Reports tagged latino students

the_urgency_of_now
Equity

The Urgency of Now

A high school diploma is a critical entry point to the additional post­secondary training necessary to thrive socially and economically, says this report from the Schott Foundation. The report says 52 percent of Black males and 58 percent of Latino males graduate from high school in four years compared to 78 percent of White, non-Latino males. More »

Hispanic-Student-Enrollments-Reach-New-Highs-in-2011
Data

Hispanic Student Enrollments Reach New Heights in 2011

This report from the Pew Hispanic Center shows more Latino students are enrolling in college, with 16.5 percent of college students now Latino. Five years ago, Latinos represented 11 percent of the college population. More »

advancing_to_completion-hispanic
Persistence

Advancing to Completion: Increasing degree attainment by improving graduation rates and closing gaps for Hispanic students

This study updates previous Education Trust briefs that looked at public, four-year colleges that successfully improved minority graduation rates and narrowed graduation-rate gaps. This new report examines which four-year, nonprofit colleges — public and private — have made the most improvements for Hispanic students. More »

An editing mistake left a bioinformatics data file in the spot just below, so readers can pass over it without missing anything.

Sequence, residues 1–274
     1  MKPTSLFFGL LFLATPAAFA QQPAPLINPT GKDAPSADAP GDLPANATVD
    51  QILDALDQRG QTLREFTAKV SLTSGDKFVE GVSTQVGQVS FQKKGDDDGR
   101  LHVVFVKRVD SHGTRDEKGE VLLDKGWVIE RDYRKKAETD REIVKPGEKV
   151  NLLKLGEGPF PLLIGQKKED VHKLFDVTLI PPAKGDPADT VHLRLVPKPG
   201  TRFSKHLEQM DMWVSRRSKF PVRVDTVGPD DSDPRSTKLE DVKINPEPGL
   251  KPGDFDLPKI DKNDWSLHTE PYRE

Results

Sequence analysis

urgency-of-now
50-state data

Urgency of Now

A Schott Foundation report suggests that without a policy framework that creates opportunity for all students, strengthens supports for the teaching profession and strikes the right balance between support-based reforms and standards-driven reforms, the U.S. will become increasingly unequal and less competitive in the global economy. More »
Related audio: What’s Driving Dropout Rate For Black, Latino Men? | NPR | Sept. 20, 2012  

men_of_color
Effective practices

Men of Color: Ensuring Academic Success of Latino Males in Higher Education

This report from the Institute for Higher Education Policy highlights programs and practices that are raising degree attainment for Latino males. The brief also includes a detailed “blueprint” to help communities and institutions develop new programs, or augment existing ones, to get Latino males to and through college and into the workforce. More »

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